I’ll end this journal entry by discussing my other obsession for this week: EMOTION by Carly Rae Jepsen! Now, I hope that anyone who reads this will actually take time to listen to it because she’s so much more than a one hit wonder! The album feels as golden as Ariana’s ‘Yours Truly’ and Katy Perry’s ‘Teenage Dream.’ That’s all I’m going to say about it, because you have to hear it for yourself.

This was supposed to just be an intro to a much more educational post, but I ended up rambling, and will list this as a separate entry. If you’ve gotten this far, thank you very much! Here is a raw graphic of the outdoor seating pavilion I designed for the competition.

I wanted to use different shapes and heights to accommodate various groups and types of people. Constructability was also a priority since budget is usually a huge factor for designs in the Philippines!
I just liked the idea of putting wooden slats with gaps on some of the pavilion ‘walls’ as these allow for light and air to filter into the voids. More critically, I wanted some form of visual and auditory connection between all users. Maybe overhearing conversations of strangers is my fetish (jk)!

Hopefully tomorrow, I get to talk about what I’ve been truly meaning to talk about


The Etihad Museum: an architectural walkthrough


Over the weekend, I went to the Etihad Museum located along Jumeirah street in Dubai. It was a bit out of the way from my apartment– I had to ride the metro, walk to a bus stop, and figure out how to board the right vehicle. Had this been in New York, I would have just walked the entire way through, but with the heat coming into full swing over the summer, that would have practically killed me. Regardless, mass transportation is one of the things I enjoy most about developed cities. Figuring everything out, asking locals for directions, and observing building profiles from high-speed vehicles– I don’t get to do any of this in my own country.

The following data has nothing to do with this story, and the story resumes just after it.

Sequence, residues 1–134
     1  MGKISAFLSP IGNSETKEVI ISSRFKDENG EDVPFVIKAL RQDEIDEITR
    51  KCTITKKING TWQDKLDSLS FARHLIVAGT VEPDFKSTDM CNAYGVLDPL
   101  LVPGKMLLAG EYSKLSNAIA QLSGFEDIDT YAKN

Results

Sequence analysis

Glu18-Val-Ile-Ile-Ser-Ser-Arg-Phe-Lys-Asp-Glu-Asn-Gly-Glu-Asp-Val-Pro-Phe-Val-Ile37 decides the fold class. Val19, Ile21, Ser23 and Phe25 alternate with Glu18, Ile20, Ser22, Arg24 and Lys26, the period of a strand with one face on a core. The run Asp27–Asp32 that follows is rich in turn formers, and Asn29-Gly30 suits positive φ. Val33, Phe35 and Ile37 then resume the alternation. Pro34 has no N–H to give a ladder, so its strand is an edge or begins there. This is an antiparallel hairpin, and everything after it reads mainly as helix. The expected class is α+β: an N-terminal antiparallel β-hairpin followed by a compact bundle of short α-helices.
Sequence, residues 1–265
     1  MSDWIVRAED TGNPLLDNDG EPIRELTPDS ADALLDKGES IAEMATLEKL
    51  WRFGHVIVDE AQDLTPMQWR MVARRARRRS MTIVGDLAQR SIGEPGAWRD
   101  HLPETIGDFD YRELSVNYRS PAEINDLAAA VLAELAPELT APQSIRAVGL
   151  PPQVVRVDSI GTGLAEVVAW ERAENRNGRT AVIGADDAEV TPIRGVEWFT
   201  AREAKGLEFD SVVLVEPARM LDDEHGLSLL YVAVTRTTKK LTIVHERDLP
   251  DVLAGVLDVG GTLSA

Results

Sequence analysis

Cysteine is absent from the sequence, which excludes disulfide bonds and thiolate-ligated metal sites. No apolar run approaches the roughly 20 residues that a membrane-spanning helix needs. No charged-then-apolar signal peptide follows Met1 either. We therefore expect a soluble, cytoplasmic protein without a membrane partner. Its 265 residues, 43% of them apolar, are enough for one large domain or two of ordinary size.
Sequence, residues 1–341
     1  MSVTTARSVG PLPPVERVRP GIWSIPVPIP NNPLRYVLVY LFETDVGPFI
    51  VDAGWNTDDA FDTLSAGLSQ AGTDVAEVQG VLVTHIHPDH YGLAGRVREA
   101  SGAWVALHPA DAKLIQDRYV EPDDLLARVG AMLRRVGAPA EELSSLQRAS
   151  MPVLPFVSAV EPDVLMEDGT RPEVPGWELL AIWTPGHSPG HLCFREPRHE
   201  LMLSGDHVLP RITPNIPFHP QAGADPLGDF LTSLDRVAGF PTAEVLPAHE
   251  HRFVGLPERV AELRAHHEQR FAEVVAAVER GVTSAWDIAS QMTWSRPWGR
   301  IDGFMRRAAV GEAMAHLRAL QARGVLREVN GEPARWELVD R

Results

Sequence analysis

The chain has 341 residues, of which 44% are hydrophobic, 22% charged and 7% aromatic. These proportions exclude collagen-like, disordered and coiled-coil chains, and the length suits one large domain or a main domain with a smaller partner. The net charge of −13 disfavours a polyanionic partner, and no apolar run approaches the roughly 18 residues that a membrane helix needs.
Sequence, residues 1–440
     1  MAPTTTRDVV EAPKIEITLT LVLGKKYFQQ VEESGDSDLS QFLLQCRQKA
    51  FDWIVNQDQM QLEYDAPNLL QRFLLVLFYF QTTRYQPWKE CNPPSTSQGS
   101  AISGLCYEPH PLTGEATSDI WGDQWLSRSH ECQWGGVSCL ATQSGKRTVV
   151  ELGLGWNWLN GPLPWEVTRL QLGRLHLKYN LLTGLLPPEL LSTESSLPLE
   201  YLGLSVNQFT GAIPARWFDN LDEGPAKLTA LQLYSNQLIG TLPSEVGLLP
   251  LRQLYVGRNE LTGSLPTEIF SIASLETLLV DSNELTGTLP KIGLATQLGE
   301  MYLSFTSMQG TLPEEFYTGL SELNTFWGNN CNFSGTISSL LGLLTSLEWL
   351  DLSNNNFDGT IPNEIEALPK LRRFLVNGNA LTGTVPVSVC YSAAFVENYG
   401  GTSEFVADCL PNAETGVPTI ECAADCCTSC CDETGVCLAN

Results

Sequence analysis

Off to the building lobby I went, where a tour group composed of various expats awaited the local guides. After purchasing student tickets, I proceeded to the central hall where a lovely Arab local volunteer (whose name I didn’t catch!) had appeared. He would be touring us to comply with his company’s chosen value for the year: generosity. Out of respect, I didn’t include his face in any of my photos.

He began the tour with this basic question: what did the Etihad museum resemble when viewed from the outside? I thought of the slanted glass panes, the curving roof panels, and only the name of the late Zaha Hadid surfaced in my mind. Still, it couldn’t have been her; I’d surely have known had that been the case.

The guide held a piece of paper between his index finger and thumb. He pinched its two edges together and let the rest of the paper form a loop, such that no crease appeared on the sheet.

‘If you noticed the shape of the museum, it looks something like this!’

(At this point, I was like ‘????’)

After a minute, I kind of grasped what he was talking about. No, the building wasn’t exactly a loop; it rather resembled a cracked eggshell. Visually, it was something you could easily explain to the public and have fun with. Anything more straightforward might’ve been tacky, and very much Beijing if you asked me. (Not that I dislike Beijing! I just noticed how modern Chinese architecture is so literal. To apply this aesthetic to any other part of the world is iffy at best).

I wasn’t really able to take a photo of the entire building exterior, but have a look at this distorted angle.